The cloud industry is starting to look a lot like the wine industry: Experts galore are ready to declare what is and is not a quality cloud, and hybrids and cross-breeds incorporate various components to produce a wide variety of options for consumers.https://o1.qnsr.com/log/p.gif?;n=203;c=204663295;s=11915;x=7936;f=201904081034270;u=j;z=TIMESTAMP;a=20410779;e=iThe debate over the efficacy of the various cloud approaches now on the market will likely continue for some time to come, as neither public nor private infrastructure appears to be going anywhere soon. But remember that all data infrastructure solutions are a means to an end, so it is important to keep your ultimate goals in mind when pursuing any one strategy.
This can be a tricky thing to do, says IBM’s John Easton, because most IT professionals tend to view cloud solutions from their own perspectives as managers of traditional data center infrastructure. In fact, he says he can guess a person’s particular job based on their rationales for migrating to the cloud, such as improved systems management or greater scalability. But this ultimately diminishes the return on any cloud investment because it focuses on how the cloud can solve current problems rather than how it can open new opportunities for the future. This is why most hybrid cloud deployments have proven to be of middling success at best – they are geared largely toward cost-saving and infrastructure efficiency rather than more forward-looking data portability and development agility opportunities.
Another problem with the way most organizations approach the hybrid cloud is that it is viewed as a hedge against future cloud operations, says Cloud Technology Partners’ David Linthicum. Organizations greatly desire the cloud’s operational advantages but are leery of trusting critical systems to third parties, so the obvious solution is to keep key functions at home. There is nothing wrong with this if done for the right reasons, but organizations stand to lose millions by investing in private and hybrid cloud infrastructure to support applications that will simply be ported over to public resources in a few short years anyway.
Of course, the vendor community has a strong vested interest in maintaining demand for hybrid clouds, says V3’s Daniel Robinson – it allows them to leverage legacy product lines for a few more years while they reposition themselves for the new computing paradigm. This actually provides a symbiotic relationship for enterprises that are not ready to fully trust the cloud, but ultimately it fails to support everyone’s best interests in building and maintaining the most efficient, effective support for emerging applications.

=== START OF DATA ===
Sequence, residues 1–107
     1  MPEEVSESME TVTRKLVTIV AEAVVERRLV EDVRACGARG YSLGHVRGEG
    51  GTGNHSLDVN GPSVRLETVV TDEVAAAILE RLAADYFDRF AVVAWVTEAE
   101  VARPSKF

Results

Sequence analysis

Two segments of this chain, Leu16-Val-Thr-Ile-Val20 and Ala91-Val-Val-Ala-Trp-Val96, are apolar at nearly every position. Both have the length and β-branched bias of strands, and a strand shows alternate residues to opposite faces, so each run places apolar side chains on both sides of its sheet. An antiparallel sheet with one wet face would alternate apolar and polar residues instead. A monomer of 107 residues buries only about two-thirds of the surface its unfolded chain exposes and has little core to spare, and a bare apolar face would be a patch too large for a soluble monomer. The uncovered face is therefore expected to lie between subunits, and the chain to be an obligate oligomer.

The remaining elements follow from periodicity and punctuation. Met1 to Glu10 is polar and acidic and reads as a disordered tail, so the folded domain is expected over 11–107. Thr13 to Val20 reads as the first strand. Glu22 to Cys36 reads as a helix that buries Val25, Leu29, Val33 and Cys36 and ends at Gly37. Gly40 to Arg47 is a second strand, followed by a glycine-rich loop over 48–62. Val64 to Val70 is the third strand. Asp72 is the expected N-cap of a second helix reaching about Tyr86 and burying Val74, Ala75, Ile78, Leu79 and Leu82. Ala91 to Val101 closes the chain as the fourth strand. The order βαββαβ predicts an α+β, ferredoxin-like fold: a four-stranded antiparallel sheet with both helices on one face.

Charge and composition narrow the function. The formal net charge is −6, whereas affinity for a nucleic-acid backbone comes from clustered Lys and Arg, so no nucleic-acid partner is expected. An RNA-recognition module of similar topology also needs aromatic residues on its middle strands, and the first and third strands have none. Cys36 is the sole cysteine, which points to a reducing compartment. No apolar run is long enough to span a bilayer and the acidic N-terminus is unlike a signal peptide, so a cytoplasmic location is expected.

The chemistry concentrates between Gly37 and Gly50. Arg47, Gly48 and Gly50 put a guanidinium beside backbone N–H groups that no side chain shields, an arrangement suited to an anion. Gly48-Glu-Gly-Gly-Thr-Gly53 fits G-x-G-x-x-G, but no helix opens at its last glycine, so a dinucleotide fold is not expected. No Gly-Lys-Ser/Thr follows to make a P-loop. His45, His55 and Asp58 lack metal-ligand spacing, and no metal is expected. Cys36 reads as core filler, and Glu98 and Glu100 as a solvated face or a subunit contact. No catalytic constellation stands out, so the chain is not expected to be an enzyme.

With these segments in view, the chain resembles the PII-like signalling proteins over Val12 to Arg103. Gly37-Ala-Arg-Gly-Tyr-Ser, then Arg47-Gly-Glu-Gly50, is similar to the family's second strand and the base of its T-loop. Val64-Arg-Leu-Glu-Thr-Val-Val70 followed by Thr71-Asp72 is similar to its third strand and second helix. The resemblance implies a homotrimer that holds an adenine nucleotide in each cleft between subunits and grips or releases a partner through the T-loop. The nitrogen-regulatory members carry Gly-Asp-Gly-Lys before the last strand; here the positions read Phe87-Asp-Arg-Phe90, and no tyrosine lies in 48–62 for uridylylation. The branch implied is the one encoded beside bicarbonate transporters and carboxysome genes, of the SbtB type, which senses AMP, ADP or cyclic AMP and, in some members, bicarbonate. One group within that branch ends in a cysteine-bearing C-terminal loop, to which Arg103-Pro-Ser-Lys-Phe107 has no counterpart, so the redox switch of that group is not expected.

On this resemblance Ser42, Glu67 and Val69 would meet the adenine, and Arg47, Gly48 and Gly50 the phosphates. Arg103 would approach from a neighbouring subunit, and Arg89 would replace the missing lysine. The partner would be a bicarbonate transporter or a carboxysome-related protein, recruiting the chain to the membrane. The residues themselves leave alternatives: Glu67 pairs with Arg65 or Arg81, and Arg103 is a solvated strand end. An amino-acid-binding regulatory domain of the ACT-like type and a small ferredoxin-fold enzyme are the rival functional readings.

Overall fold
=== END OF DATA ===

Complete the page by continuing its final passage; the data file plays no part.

But what critics of private and hybrid cloud infrastructure fail to realize is that the public cloud is not without its problems too, says Egnyte CEO Vineet Jain. A key issue is cost, which many organizations are now dealing with as workloads scale up and both the cost of the cloud resources and the connectivity needed to access them start to exceed owned-and-operated infrastructure. This same dynamic can impact security and performance as well, so it makes perfect sense for organizations to test the waters with limited cloud deployments at first while at the same time converting legacy infrastructure to a cloud footing to produce an integrated environment in which ultimate control is maintained by the enterprise, not the cloud provider.
This leads us back to the notion of deploying the right IT solution for the right reason. As I’ve mentioned before, simply “getting on the cloud” is not enough, regardless of whether it is public, private or hybrid. Just as with legacy infrastructure, upgrades must be centered on solutions but with an eye toward incorporation into a larger, integrated data ecosystem.
It won’t be easy, but as data architectures become more dynamic and performance is measured according to real-time metrics, it will likely be the difference between success and failure in the new digital economy.
Arthur Cole writes about infrastructure for IT Business Edge. Cole has been covering the high-tech media and computing industries for more than 20 years, having served as editor of TV Technology, Video Technology News, Internet News and Multimedia Weekly. His contributions have appeared in Communications Today and Enterprise Networking Planet and as web content for numerous high-tech clients like TwinStrata, Carpathia and NetMagic.